Simon Ferris’s interpretation of the work was very admirable despite never entirely mining all ‘the symphony’s extreme emotional and psychological range’ he had written about in an introductory note. Of course this can only come with greater experience from the musicians – though I do not want them to become too old … too soon! The enormous funeral march seemed rather brisk though it was never unnecessarily so, nor were the lower string attacks ever rough-edged or the brass raucous … despite some not-unexpected early signs of nerves by a few of the instrumentalists. Throughout the performance the orchestra was attentive – in a way many professional ones sometimes are not – to every gesture from the conductor. As usual, there was no hope of getting the five minute pause Mahler requested between the first two movements – for an attentive audience to reflect on what it had heard – but the short pause we did get allowed the orchestra a useful opportunity to retune.

A fine other-worldly serenity ran throughout the second movement before the neuroses of the ‘what-was-it-all-for’ Scherzo where there was some genuine terror and angst portrayed in the music, particularly in the ‘cry of despair’ with the trumpets calling out impressively. Then Mahler’s vision of a life beyond took flight as Rowan Hellier’s ‘Urlicht’ cast its spell when she darkly intoned how ‘The loving God will grant me a little light, which will light me into that eternal blessed life!’ The soprano in this symphony has a thankless task and is given little to do but all credit to Sarah Fox for emerging splendidly – as Mahler’s wanted – from the chorus. No praise here can be enough for the splendid contribution of the Thames Youth Choir and Rodolfus Choir who were well-coached, refined, and sang out boldly. Maybe I have heard ‘Aufersteh’n’ equalled … but rarely surpassed.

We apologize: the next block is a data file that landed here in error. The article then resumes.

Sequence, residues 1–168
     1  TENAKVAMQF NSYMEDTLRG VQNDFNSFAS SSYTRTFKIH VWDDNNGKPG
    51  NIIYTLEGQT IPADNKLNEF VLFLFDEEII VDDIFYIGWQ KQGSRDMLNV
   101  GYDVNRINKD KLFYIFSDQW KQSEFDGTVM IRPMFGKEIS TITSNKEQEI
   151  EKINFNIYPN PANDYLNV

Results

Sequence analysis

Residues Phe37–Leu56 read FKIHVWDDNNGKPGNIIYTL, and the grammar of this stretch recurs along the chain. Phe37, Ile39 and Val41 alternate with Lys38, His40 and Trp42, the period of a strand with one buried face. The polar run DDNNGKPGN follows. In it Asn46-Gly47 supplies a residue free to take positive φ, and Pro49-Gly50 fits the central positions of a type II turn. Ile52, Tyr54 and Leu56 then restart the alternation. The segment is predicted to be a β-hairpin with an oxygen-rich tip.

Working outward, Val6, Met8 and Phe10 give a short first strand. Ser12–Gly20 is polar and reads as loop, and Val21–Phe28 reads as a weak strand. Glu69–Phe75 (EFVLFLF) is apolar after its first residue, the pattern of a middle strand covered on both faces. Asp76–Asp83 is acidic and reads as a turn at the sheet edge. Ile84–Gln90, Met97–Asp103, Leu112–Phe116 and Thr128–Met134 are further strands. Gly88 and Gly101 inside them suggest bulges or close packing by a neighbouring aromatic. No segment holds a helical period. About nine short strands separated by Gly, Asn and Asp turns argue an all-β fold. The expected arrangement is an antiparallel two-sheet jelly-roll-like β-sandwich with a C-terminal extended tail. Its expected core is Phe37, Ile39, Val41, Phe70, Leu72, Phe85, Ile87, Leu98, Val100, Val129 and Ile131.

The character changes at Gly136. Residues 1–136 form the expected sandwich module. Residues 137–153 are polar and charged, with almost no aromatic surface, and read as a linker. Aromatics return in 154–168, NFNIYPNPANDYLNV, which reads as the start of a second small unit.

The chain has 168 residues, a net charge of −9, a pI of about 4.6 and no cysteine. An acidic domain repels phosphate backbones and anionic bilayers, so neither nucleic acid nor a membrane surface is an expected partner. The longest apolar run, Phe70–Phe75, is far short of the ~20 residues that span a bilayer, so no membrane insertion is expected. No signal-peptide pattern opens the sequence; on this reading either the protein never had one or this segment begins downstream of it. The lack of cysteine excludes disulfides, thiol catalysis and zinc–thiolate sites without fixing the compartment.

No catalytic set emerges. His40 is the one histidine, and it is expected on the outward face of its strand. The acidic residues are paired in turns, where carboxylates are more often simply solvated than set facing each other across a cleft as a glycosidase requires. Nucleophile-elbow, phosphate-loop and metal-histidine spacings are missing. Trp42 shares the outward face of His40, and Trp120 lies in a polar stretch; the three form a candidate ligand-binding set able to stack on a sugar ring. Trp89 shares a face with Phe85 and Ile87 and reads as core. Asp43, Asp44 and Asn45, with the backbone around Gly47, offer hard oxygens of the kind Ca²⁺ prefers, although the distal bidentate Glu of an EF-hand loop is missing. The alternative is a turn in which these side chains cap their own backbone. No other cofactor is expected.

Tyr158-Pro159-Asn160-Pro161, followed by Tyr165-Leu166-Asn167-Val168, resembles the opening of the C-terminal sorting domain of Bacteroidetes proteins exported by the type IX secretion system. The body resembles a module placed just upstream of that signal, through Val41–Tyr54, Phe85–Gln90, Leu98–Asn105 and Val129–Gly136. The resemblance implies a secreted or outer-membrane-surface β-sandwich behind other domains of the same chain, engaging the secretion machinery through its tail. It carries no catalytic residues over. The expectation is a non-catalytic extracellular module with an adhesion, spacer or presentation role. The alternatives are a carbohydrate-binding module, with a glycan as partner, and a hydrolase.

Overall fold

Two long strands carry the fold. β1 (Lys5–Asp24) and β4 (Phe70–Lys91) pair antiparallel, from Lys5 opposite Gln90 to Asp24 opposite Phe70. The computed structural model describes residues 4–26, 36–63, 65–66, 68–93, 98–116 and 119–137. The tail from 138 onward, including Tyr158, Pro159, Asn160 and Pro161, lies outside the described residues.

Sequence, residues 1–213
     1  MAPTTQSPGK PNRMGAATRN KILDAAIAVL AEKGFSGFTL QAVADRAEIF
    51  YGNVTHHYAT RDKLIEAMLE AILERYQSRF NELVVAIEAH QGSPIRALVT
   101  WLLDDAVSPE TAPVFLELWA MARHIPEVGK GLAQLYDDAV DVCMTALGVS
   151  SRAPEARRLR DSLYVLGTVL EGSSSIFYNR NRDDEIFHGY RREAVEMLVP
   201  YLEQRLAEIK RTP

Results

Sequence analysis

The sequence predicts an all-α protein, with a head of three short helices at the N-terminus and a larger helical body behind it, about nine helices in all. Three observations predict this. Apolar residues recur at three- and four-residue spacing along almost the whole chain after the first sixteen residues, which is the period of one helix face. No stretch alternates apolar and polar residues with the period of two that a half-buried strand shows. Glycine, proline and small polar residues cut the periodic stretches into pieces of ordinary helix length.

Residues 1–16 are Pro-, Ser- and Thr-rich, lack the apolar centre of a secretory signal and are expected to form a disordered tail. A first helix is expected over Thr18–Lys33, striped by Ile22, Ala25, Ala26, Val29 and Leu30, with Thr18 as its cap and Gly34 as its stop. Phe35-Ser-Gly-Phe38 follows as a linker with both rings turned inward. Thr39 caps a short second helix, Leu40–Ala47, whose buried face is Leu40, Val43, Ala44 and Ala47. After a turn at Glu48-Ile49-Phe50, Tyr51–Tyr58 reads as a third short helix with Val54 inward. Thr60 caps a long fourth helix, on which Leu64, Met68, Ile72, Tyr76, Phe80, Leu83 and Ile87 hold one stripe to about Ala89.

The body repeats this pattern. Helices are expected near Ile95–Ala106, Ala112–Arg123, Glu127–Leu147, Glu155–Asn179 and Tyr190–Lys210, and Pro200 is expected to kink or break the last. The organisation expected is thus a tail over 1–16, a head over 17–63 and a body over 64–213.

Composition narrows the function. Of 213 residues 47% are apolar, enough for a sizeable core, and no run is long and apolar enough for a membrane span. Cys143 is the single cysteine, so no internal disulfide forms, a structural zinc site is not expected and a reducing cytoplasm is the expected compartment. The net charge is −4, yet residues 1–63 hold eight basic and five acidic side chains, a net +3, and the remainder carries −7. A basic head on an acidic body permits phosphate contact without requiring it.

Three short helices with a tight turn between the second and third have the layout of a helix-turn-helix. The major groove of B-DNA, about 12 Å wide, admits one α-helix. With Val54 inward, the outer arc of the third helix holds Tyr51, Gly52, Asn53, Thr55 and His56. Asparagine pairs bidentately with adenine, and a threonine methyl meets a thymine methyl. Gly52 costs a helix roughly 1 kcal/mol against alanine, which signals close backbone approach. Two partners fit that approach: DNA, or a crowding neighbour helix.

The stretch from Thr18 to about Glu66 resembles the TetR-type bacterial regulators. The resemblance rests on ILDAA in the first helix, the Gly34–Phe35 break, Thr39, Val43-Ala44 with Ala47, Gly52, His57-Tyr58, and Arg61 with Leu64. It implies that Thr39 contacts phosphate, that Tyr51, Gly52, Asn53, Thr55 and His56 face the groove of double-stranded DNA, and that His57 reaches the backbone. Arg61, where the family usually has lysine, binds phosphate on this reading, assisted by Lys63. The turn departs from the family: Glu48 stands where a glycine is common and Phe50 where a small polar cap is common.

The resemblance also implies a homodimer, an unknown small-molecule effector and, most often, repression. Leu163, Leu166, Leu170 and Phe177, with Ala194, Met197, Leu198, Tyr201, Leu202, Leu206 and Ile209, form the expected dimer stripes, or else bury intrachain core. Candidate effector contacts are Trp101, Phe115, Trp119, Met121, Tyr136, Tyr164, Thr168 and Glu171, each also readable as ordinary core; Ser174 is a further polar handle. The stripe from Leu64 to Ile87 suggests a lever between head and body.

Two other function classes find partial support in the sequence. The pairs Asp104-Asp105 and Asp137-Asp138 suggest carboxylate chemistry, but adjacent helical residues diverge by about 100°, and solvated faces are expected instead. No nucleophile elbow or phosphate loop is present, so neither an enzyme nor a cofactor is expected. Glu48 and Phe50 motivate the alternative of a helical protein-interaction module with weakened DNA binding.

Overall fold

I can use no other word than ‘spectacular’ for the entire last thirty minutes from a repeat of the outburst that closed the third movement to the final ‘resurrection’. It featured excellent off-stage trumpet calls as well as drums which were atmospherically fateful summonses to a ghostly march. On stage, the delicate beating of the side drum added to the heightened emotion before the Last Trump. Excellently paced and perfectly balanced, these powerful final passages carried a great deal of tension and gravitas. The young orchestra was always at its best during the full orchestral climaxes including the symphony’s exultant conclusion. It was to the credit of Simon Ferris and his young musicians that the finale was never ear-shattering, clearly ‘wore its heart on its sleeve’ and all suitably climatic.

 Jim Pritchard